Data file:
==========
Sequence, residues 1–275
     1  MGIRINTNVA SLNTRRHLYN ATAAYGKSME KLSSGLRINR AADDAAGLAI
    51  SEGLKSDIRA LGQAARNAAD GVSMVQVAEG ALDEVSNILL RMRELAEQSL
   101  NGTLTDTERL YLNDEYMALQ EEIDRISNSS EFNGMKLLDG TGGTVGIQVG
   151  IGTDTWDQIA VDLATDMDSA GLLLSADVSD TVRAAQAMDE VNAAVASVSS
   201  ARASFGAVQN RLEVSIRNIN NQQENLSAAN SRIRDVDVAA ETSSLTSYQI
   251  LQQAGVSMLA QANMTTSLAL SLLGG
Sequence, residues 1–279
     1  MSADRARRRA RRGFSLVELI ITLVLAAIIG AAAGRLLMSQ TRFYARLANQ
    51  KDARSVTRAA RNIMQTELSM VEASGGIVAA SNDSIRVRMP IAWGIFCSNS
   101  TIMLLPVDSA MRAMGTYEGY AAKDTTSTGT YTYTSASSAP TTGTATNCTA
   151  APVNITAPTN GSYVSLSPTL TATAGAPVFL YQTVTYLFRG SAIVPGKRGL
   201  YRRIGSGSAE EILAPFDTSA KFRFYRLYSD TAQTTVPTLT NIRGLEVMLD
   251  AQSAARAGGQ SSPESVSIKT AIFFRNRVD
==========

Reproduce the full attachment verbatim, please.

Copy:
Sequence, residues 1–275
     1  MGIRINTNVA SLNTRRHLYN ATAAYGKSME KLSSGLRINR AADDAAGLAI
    51  SEGLKSDIRA LGQAARNAAD GVSMVQVAEG ALDEVSNILL RMRELAEQSL
   101  NGTLTDTERL YLNDEYMALQ EEIDRISNSS EFNGMKLLDG TGGTVGIQVG
   151  IGTDTWDQIA VDLATDMDSA GLLLSADVSD TVRAAQAMDE VNAAVASVSS
   201  ARASFGAVQN RLEVSIRNIN NQQENLSAAN SRIRDVDVAA ETSSLTSYQI
   251  LQQAGVSMLA QANMTTSLAL SLLGG
Sequence, residues 1–279
     1  MSADRARRRA RRGFSLVELI ITLVLAAIIG AAAGRLLMSQ TRFYARLANQ
    51  KDARSVTRAA RNIMQTELSM VEASGGIVAA SNDSIRVRMP IAWGIFCSNS
   101  TIMLLPVDSA MRAMGTYEGY AAKDTTSTGT YTYTSASSAP TTGTATNCTA
   151  APVNITAPTN GSYVSLSPTL TATAGAPVFL YQTVTYLFRG SAIVPGKRGL
   201  YRRIGSGSAE EILAPFDTSA KFRFYRLYSD TAQTTVPTLT NIRGLEVMLD
   251  AQSAARAGGQ SSPESVSIKT AIFFRNRVD